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BrainGate – Making Damaged Bodies Function

 

By James Donahue

 

I was a fan of Mad Magazine probably from the first day it appeared in print. I may have owned a first edition copy at one time. One of those first issues contained a cartoon story of a futuristic world in which technology had become so advanced that humans were so dependent upon machines their muscles were atrophied. Everybody rode around in mechanized wheelchairs. Machines prepared their meals, fed them, maintained their homes and took care of their every need.

 

The machines that ran this world, at least in the comic story, were controlled by a master computer, or brain. In the story something went wrong with the computer, it stopped working, and the people suddenly found themselves trapped in bodies that no longer worked.

 

That was the Mad version of a future world as envisioned in the 1950s. Strangely, a reverse version of that very idea is being developed by a group of world-renowned experts in robotics and computers at such prestigious universities as Brown, Harvard, Emory, MIT, Columbia and the University of Utah. The joint project has been given the odd name BrainGate.

 

The idea is to develop computer technology that works with the human brain to make such devices as wheelchairs, prosthetic limbs and voice machines assist people with pronounced physical disabilities enjoy improved lives. Thus there may be hope for paraplegics, quadriplegics, the many military men and women returning home from the wars with missing arms and legs, people with spinal cord injuries and even stroke victims.

 

The researchers are so optimistic about the work they are doing they believe the BrainGate project has the potential to revolutionize the way our brains work.

 

The BrainGate project is described as a brain implant system developed by Cyberkinetics, a bio-tech company working with the Department of Neuroscience at Brown University. It involves implanting a computer chip in the brain that monitors brain activity and uses the information to issue computer commands that move mechanical devices.

 

It is a simple concept, but it has involved working with a complex part of the human body, the human brain. And this has taken years and years of research by a lot of very skilled people from all around the world.

 

The chip now being tried uses 96 hair-thin electrodes that sense the electro-magnetic signatures of neurons firing in targeted areas of the brain. For example, if the chip is inserted to control a robotic arm, it is placed in the part of the brain that controls arm movement.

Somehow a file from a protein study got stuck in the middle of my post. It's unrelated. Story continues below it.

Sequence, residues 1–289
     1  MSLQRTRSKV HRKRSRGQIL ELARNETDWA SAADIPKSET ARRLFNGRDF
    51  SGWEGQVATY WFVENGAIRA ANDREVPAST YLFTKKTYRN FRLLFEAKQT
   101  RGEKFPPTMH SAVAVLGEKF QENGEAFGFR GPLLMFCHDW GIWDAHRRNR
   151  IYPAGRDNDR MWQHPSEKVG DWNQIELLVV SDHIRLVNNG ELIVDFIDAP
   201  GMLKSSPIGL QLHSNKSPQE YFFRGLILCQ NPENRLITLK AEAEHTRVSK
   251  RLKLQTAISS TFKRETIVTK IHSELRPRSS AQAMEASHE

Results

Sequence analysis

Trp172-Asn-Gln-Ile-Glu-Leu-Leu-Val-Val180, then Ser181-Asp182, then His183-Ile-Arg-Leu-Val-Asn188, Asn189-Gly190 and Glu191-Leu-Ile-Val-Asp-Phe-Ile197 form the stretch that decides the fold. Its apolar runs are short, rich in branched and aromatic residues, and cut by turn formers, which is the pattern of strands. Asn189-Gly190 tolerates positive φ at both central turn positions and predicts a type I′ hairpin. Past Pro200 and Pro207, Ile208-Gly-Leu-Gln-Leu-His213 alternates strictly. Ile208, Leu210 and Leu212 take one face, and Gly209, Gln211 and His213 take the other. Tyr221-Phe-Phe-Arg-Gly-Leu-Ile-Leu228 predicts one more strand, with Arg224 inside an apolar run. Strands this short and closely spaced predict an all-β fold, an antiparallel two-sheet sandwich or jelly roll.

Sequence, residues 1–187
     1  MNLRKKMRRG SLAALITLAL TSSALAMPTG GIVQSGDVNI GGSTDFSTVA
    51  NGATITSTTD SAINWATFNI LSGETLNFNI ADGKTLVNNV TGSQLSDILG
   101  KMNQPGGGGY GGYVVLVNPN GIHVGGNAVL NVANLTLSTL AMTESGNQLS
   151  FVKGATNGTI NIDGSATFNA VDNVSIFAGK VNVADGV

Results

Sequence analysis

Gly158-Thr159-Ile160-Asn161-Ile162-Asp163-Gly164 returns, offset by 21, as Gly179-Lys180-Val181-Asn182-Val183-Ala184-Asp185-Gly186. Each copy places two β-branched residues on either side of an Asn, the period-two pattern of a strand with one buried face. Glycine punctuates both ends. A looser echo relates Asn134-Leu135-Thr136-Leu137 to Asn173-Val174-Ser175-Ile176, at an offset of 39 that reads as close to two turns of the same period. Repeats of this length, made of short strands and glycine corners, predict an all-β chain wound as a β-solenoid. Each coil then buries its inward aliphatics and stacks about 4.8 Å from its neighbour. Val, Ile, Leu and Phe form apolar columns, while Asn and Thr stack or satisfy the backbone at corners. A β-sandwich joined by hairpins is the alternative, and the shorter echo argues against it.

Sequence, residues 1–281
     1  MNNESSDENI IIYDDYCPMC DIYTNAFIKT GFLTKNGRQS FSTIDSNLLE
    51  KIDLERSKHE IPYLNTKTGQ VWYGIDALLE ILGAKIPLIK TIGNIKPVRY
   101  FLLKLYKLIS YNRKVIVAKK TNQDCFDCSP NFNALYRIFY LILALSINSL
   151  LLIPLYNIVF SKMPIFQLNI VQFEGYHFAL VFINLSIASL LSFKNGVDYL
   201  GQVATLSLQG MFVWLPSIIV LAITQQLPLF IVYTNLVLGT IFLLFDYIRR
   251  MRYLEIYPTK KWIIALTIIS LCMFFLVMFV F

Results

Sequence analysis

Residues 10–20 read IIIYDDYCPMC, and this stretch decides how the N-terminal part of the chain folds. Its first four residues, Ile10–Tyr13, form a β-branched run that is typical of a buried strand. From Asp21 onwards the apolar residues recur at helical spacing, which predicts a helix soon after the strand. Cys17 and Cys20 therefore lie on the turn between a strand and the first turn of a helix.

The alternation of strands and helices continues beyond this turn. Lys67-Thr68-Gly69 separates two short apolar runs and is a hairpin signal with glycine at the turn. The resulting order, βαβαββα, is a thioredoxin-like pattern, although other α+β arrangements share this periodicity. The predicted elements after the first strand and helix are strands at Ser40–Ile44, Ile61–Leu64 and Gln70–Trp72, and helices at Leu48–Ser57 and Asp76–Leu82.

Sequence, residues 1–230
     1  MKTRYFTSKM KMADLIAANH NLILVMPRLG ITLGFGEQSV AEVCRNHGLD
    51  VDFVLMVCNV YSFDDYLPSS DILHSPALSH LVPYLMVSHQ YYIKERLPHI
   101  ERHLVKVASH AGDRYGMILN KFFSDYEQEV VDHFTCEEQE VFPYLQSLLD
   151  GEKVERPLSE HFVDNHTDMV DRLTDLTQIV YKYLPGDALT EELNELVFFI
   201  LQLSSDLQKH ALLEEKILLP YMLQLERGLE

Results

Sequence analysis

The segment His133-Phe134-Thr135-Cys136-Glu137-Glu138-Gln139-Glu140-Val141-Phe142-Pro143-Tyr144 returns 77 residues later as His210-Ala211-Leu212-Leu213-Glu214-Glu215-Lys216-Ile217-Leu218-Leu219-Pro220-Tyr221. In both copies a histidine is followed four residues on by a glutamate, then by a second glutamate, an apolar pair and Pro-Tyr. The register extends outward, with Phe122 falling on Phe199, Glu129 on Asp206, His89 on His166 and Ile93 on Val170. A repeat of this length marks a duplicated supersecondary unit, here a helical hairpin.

Early experiments with the chip have involved placing chips in a man with a spinal cord injury and another suffering from advanced ALS. Pilot trials also were conducted on four patients suffering from tetaplegia, a reduced ability to use their arms and legs.

 

The results of the early trials have proven that the BrainGate chip may soon become a workable solution for hundreds of thousands of wheelchair-bound people.

 

It was reported that the trial involving the paraplegic was so successful, the patient was able to steer his wheelchair by blowing into a tube connected to his mouth. Also by using his thoughts to manipulate a computer cursor, the patient successfully opened and read e-mails, played video games, grasped objects with a robotic arm. He even operated light switches and television controls by mere thought.

 

As promising as the early trials sound, the researchers warn that they still have a lot of bugs to work out before BrainGate can be made available to the public. They say the technology cries for improved wireless transmissions. Also they have found that once the chip is implanted in the brain, the ability of the electrodes to communicate with brain signals deteriorates. They do not know why this happens. So the chip only works for a few months and then must be replaced. Leaving a permanent hole in the patient’s head creates a high risk of infection.

 

Nevertheless, the researchers are determined to make the BrainGate project work. And there is one thing we all know about human ingenuity. In a strange sense, we are all gods when it comes down to creating things. No goal seems to be impossible if we set our minds to achieving it.

 

Other researchers are working on yet another device called Functional Electrical Stimulation. They are using small electrical pulses to stimulate muscles in paralyzed limbs to make them function again. The project is also designed to help paraplegics and patients suffering from muscular degeneration enjoy normal activities like grasping objects, standing and walking, and improving bladder and bowel functions.

 

If successful, the future may look much brighter for the handicapped. All we can hope for is that the mad scientists don’t carry the project to the extremes depicted in the 1950s Mad Magazine cartoon.